Chinese-Canadian Eve Eng was born in 1966, in the year of the fire horse. In Chinese culture, fire horse children are notorious for being troublesome. In 1975, nine year old Eve is looking ...
See full summary »
Chinese-Canadian Eve Eng was born in 1966, in the year of the fire horse. In Chinese culture, fire horse children are notorious for being troublesome. In 1975, nine year old Eve is looking for some meaning for her life, especially after her mother, May-Lin Eng, miscarries, and her paternal grandmother passes away, the latter event particularly concerning not so much for the event itself but the circumstances leading to the death. The Engs follow traditional Buddhist philosophy, primarily as a cultural tradition. While her husband Frank Eng is away in China dealing with his mother's burial, May-Lin doesn't stop their eldest daughter, Karena Eng, from pursuing knowledge of and eventual faith in Christianity, most specifically Catholicism. May-Lin sees it as a cushion for ensuring a good life and good after-life, as much of Christian teaching follows that of Buddhism anyway. Eve follows in her sister's footsteps. While Karena becomes a devout Catholic to the expense of her Buddhist ... Written by
The connections people make between each other, and between themselves and whatever "greater power" they're hoping to connect with -- that's the story at the heart of this tale of two young Chinese-American sisters, raised on traditional Buddhist rituals but suddenly determined to become Catholic.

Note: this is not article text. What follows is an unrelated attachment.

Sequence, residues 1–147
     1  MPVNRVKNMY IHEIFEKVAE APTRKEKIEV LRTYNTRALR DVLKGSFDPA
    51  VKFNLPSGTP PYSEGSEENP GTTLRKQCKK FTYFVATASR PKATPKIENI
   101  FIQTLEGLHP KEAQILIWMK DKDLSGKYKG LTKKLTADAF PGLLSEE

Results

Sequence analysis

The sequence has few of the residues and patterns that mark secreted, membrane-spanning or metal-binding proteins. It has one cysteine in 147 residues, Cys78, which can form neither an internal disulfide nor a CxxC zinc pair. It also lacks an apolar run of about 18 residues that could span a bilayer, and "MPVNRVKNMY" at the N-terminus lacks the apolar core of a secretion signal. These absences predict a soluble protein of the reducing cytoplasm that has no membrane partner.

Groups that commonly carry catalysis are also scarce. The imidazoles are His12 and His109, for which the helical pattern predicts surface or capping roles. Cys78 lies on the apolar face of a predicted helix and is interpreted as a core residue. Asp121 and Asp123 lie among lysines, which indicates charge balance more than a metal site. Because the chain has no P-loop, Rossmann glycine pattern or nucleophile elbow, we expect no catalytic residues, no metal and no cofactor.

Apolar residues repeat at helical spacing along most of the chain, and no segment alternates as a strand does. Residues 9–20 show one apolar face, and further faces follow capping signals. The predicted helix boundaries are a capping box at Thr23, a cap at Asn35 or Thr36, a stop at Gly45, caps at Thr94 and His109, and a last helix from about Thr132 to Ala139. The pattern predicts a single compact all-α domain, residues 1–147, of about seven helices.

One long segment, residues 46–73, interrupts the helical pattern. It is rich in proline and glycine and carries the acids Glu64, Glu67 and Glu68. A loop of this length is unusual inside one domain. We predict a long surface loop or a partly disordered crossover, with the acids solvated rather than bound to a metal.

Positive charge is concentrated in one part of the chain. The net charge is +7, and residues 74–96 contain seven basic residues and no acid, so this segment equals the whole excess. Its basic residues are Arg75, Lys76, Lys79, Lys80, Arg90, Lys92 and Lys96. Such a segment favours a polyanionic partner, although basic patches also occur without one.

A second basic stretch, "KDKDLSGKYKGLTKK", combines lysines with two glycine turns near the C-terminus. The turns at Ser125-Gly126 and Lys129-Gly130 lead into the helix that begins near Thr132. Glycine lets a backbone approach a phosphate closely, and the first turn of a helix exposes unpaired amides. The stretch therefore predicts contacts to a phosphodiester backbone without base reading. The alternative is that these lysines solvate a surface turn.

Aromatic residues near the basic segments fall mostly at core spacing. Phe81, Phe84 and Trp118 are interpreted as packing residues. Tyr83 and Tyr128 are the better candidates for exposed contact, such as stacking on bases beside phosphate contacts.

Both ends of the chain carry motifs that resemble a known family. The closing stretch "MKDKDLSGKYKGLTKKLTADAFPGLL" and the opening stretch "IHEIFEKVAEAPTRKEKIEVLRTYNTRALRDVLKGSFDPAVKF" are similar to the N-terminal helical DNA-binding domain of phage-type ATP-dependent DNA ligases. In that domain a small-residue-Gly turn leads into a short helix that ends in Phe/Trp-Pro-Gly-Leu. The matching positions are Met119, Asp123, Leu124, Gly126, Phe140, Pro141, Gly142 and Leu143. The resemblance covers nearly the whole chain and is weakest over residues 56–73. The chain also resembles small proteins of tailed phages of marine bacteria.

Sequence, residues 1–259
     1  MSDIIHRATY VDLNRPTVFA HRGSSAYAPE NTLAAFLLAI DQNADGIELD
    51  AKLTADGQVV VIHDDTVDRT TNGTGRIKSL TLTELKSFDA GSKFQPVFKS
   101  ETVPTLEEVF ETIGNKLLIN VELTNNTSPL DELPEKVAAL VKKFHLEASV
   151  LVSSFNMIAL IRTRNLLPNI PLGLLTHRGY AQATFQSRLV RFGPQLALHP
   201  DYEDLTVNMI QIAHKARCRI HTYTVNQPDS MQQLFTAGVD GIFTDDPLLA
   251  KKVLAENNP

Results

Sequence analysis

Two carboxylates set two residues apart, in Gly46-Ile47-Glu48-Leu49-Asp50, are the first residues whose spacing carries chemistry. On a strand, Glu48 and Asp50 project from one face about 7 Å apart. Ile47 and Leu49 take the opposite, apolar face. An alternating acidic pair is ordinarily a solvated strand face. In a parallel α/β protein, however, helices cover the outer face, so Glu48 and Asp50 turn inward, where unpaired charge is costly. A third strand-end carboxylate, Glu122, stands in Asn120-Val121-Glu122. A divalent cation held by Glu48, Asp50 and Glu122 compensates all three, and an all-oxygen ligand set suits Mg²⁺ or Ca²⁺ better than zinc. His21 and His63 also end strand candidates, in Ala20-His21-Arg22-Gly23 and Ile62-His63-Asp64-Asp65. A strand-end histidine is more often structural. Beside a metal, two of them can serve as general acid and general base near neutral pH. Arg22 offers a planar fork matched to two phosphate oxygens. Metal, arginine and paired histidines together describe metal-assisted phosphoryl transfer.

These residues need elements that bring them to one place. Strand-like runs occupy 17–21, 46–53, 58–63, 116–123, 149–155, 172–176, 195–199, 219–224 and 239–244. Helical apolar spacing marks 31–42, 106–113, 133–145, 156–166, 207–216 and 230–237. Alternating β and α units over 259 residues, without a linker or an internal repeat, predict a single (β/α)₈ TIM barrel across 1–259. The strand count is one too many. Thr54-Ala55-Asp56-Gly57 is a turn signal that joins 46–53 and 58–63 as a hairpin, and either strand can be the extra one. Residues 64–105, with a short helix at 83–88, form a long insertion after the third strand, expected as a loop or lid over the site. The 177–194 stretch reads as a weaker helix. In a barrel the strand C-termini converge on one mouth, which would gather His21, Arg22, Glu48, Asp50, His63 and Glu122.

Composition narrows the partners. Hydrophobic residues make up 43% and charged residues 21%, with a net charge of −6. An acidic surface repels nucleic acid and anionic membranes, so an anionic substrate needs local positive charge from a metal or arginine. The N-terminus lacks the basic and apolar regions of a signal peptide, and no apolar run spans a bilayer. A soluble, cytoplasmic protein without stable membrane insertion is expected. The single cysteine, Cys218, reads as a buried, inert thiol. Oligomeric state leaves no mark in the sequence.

There are so many ways to describe this film: moving, sweet, gentle, elegant, thoughtful, funny. It's a rare pleasure to sit through a movie about religion that doesn't take cheap shots at the believers or the dogma, and that in fact provokes some thought about things you might think you already know. The cinematography is lovely, focusing a good deal on the faces of the young sisters whose relationship is the centerpiece of the film. The actors who play those sisters are affecting -- it's easy to lose yourself in their lives -- in the lives of the entire cast in fact -- because their presence on screen is so natural. For a first-time writer and director, this is a jewel.
2 of 3 people found this review helpful.
Was this review helpful to you?